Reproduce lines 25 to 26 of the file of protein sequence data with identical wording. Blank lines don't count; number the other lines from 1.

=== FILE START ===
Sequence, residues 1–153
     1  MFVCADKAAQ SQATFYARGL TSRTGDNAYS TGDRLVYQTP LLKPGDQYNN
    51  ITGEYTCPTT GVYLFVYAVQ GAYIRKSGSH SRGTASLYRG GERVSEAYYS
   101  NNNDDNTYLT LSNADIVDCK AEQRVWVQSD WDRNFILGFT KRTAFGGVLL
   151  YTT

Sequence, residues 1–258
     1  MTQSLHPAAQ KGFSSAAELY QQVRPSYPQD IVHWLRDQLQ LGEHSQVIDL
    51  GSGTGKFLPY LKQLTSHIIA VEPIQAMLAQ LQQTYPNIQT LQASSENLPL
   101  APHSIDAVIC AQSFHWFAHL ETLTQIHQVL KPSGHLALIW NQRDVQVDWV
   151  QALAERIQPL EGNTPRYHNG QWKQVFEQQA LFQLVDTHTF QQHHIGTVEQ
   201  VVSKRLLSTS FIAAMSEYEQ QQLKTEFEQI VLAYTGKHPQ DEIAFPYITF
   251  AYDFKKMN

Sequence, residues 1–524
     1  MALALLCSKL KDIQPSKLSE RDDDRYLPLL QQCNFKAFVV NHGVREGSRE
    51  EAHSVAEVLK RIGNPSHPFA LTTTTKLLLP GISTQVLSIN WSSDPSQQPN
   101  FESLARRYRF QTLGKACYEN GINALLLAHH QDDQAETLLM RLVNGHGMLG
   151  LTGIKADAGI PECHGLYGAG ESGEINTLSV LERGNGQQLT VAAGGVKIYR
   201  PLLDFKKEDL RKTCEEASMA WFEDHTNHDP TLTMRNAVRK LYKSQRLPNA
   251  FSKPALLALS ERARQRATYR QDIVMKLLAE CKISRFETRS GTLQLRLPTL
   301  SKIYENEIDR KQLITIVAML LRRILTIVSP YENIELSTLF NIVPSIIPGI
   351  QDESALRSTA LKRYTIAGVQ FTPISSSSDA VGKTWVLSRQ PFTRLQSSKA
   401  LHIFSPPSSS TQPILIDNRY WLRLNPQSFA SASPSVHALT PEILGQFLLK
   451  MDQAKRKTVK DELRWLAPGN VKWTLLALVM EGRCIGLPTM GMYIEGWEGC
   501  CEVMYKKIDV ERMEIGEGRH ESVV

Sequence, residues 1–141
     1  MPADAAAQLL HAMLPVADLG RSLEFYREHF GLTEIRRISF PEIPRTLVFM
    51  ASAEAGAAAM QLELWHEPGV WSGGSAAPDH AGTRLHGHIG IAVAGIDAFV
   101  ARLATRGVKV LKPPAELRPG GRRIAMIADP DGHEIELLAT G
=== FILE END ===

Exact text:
Sequence, residues 1–141
     1  MPADAAAQLL HAMLPVADLG RSLEFYREHF GLTEIRRISF PEIPRTLVFM